Standards for maintaining integrity in functional medicine research are the same as for other types of biomedical and psychosocial research:

  1. Describe all treatments fully: Two major components of research integrity are 1) clarity, and 2) reproducibility. With vague descriptions within research, the rationale and protocols are neither well-communicated nor amenable for validation by other researchers.

  2. Describe assessments and diagnostic criteria: Meaningless diagnostic terms are the nadir of clinical research.

  3. Laboratory methodology must be detailed: Analytical methodology must be described in detail if the research is to have any chance at being validated; providing an infomercial for the laboratory by simply referencing the laboratory that performed the testing is not scientifically adequate and is unprofessional, especially when the author(s) have financial interests in the selfsame laboratory.

  4. Any dangerous or questionable treatments need to be justified, explained, and applied ethically, ie, with informed consent, description of potential adverse effects, warning signs, appropriate clinical and laboratory follow-up, limitations to duration of treatment, patient selection/exclusion criteria.

  5. Use accurate definitions

  6. Control for external influences: Failure to control for external factors can render outcomes unattributable to the intervention(s).

  7. Disclose commercial conflicts of interest

  8. Human clinical trials should be registered, eg, and

  9. If treatments are “personalized” then explain and describe the personalizations: Don’t hide behind the phrase “treatments were personalized” to avoid the discipline of accurately and fully communicating details of the interventions; the purpose of publishing legitimate science is to communicate clearly, not simply “score a publication” for promotional purposes. As such, if the very same protocol that is being researched is “customized” or “personalized”—which thereby at least partially violates the integrity of the described protocol—then the rational must be explained, and the customized interventions much be described; otherwise—since “customization” and “personalization” can mean anything when undefined—the publication becomes utterly meaningless because the intervention being described is being confused and obfuscated by the authors themselves.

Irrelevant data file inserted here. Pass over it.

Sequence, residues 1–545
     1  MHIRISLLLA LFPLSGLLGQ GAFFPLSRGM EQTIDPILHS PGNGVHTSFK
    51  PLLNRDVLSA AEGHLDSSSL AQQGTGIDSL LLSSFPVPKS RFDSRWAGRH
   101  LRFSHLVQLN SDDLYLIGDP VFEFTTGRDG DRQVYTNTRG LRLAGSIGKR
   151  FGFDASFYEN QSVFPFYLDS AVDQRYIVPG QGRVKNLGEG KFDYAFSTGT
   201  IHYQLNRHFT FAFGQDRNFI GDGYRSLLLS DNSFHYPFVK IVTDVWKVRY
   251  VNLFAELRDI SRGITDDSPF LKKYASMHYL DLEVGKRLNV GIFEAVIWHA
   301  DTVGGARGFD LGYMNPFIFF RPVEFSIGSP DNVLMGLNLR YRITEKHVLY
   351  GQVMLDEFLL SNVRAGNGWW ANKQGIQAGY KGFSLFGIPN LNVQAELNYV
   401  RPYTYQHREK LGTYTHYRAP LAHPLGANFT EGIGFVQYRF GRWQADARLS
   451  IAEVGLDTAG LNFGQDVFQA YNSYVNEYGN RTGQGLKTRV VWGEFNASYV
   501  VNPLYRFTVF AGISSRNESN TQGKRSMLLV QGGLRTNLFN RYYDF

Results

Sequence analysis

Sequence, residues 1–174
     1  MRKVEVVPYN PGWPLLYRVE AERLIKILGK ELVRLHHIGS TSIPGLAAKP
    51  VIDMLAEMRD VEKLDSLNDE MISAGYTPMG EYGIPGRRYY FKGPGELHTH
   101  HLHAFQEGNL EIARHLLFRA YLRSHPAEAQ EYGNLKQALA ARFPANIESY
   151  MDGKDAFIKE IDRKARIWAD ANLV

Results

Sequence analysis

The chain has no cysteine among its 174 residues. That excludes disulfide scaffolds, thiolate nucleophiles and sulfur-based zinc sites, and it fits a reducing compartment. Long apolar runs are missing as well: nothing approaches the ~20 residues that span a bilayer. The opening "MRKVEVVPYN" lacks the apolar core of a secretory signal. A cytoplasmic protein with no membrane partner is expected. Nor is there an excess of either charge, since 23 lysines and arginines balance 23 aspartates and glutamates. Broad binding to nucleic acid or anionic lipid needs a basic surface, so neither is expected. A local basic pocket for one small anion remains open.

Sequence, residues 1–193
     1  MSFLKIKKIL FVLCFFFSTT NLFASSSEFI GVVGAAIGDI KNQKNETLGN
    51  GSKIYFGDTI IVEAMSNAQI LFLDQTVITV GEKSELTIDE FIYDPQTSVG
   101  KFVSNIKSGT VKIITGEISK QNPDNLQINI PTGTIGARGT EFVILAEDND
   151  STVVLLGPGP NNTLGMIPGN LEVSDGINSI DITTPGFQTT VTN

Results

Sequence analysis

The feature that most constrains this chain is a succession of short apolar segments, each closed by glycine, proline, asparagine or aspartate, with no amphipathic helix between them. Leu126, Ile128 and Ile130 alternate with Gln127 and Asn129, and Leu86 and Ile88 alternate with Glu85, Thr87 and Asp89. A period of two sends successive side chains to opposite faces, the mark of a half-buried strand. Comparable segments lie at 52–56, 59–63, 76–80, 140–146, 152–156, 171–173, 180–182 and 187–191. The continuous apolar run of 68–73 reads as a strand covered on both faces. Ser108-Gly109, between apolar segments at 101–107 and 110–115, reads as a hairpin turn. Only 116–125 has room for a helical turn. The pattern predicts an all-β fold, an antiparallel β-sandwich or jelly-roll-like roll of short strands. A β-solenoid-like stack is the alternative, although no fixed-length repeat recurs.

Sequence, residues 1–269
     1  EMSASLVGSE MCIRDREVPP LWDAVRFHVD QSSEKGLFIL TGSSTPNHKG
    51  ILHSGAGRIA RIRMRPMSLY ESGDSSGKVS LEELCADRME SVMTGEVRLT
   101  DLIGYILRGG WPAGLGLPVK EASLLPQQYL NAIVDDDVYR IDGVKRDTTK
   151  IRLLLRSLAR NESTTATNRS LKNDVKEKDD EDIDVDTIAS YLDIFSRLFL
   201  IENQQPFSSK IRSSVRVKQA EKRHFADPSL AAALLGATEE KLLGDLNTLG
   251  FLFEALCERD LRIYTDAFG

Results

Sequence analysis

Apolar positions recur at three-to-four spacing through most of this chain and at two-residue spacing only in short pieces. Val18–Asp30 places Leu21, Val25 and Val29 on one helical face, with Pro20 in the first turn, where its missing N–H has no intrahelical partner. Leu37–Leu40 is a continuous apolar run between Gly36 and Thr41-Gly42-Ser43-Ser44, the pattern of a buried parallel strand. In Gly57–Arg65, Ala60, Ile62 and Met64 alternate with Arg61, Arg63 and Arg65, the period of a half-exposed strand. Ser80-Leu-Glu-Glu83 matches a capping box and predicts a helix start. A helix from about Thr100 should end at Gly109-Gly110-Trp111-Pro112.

10. Use appropriate doses and durations for the interventions

  11. Use proper study design, and appreciate the limitations of each; note that  “an uncontrolled case series” is not the same as a controlled trial, etc.


Source: Vasquez A. Ethical and Intellectual Standards in Functional Medicine Clinical Research. Int J Hum Nutr Funct Med 2016 PDF of final version

Original articleVasquez A. Correspondence regarding Cutshall, Bergstrom, Kalish's “Evaluation of a functional medicine approach to treating fatigue, stress, and digestive issues in women.” Complementary Therapies in Clinical Practice 2016 [in press] DOI: